Washington, D.C.—Today Congressman Matt Cartwright (Penn.) and Congressman Jared Polis (Colo.) introduced two bills in the U.S. House of Representatives to close loopholes in the Clean Air Act and Clean Water Act for fracking operations.
“Fracking causes a wide range of environmental and health problems, including air and water pollution. But, instead of following the same rules every other major industry is supposed to follow, fracking operations have been exempt from our landmark health and environmental protections for years,” said Shelley Vinyard, federal clean water advocate for Environment America. “Today, we’re finally taking a step in the right direction by closing these loopholes.”
Hydraulic fracturing operations, common known as “fracking,” are exempt from key provisions of our nation’s environmental laws. The two bills introduced today—titled the “Bringing Reductions to Energy’s Airborne Toxic Health Effects”, or BREATHE Act, and the “Focused Reduction of Effluence and Stormwater Runoff through Hydrofracking Environmental Regulation,” or FRESHER Act—build on a long-standing effort to close another loophole that exists for the oil and gas drilling industry in the Safe Drinking Water Act.
Specifically, the BREATHE Act, introduced by the two Congressmen and at least 32 co-sponsors, would close a loophole in the Clean Air Act that currently allows the oil and gas industry to release large amounts of dangerous pollution into the air, and lists hydrogen sulfide as a hazardous air pollutant. The FRESHER Act, introduced by Congressmen Cartwright and Polis and at least 37 co-sponsors, would close a loophole in the Clean Water Act that exempts the oil and gas industry from permitting requirements for industrial stormwater runoff.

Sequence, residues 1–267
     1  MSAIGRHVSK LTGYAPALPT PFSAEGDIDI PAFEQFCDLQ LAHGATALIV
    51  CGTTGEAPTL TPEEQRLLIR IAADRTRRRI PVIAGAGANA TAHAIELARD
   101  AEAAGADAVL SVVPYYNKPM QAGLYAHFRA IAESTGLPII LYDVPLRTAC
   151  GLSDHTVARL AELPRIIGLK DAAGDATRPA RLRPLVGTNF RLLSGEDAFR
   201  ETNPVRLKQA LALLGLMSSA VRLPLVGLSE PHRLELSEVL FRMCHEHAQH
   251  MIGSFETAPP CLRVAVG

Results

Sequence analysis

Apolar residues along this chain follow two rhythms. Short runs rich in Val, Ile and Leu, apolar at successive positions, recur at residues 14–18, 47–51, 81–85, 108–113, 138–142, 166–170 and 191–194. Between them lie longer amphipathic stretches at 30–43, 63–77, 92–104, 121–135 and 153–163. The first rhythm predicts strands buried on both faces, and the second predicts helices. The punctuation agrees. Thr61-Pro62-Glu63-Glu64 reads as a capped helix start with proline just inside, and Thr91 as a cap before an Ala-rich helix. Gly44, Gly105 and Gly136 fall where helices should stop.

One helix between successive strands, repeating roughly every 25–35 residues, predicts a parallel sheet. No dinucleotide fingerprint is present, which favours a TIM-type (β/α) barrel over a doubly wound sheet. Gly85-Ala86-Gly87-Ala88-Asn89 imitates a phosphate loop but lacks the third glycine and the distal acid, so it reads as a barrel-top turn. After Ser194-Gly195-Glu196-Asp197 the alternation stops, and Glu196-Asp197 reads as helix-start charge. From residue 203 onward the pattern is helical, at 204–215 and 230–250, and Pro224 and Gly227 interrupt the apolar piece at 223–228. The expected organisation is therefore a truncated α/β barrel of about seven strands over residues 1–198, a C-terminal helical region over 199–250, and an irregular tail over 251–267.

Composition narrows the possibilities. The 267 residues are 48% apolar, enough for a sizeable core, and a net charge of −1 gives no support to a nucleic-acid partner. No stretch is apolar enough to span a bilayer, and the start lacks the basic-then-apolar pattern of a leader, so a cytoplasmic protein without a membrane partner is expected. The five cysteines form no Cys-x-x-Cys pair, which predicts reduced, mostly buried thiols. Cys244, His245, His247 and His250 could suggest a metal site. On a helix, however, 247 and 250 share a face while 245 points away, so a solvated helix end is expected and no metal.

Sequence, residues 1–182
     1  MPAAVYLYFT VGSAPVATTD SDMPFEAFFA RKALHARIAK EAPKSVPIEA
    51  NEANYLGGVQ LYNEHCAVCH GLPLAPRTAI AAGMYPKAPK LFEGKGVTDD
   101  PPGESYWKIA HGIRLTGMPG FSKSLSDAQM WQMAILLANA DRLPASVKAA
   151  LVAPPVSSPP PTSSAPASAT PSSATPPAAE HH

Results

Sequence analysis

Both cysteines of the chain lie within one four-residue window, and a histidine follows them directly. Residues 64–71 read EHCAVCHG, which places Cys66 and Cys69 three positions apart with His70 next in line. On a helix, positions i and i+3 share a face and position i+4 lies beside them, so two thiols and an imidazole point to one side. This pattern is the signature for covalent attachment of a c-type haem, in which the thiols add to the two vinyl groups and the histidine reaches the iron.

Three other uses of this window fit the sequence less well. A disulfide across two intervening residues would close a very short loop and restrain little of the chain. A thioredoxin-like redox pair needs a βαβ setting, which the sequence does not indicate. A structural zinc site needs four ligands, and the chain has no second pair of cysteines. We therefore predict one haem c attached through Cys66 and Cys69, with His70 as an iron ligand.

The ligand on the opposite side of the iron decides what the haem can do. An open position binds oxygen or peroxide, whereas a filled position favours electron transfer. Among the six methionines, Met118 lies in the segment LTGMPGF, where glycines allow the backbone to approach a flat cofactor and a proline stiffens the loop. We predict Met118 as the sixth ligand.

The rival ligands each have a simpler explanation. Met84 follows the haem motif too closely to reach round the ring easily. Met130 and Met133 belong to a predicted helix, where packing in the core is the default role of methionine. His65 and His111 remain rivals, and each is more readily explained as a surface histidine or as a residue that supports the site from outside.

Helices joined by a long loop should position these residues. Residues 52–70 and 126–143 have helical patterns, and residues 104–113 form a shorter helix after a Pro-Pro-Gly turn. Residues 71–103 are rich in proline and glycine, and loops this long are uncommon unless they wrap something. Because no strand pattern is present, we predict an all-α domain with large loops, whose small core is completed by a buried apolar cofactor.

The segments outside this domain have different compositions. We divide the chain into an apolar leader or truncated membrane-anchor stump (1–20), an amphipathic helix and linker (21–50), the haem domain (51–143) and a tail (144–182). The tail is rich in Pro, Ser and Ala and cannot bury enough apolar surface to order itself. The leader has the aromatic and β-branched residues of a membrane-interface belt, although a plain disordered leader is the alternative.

Just this week, a study published in the Proceedings of the National Academy of Sciences showed increases in mud, silt, and total suspended solids in rivers and streams downstream of gas drilling and production operations, demonstrating an even greater need for the FRESHER Act than previously known.
In states experiencing intensive drilling such as Pennsylvania and Colorado, industry-friendly administrations have left air, water, and public health vulnerable to pollution from dirty drilling. Last year, PennEnvironment’s report, Risky Business, documented thousands of violations by drilling operators.
”Here in Pennsylvania, our state officials are failing to protect our health and environment from the dirty drilling boom,” said Erika Staaf, clean water advocate for PennEnvironment. “Congressmen Polis and Cartwright are offering urgently needed federal protection for our air and our water.”